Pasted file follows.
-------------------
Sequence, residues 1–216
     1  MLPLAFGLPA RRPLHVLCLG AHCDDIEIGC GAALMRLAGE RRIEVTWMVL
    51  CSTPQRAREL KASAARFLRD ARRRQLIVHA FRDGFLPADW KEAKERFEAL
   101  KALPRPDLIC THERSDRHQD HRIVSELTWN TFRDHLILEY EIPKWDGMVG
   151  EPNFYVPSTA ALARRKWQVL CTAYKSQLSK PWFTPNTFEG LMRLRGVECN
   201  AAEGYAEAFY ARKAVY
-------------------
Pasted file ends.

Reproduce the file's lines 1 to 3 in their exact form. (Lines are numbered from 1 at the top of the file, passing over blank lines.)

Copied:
Sequence, residues 1–216
     1  MLPLAFGLPA RRPLHVLCLG AHCDDIEIGC GAALMRLAGE RRIEVTWMVL
    51  CSTPQRAREL KASAARFLRD ARRRQLIVHA FRDGFLPADW KEAKERFEAL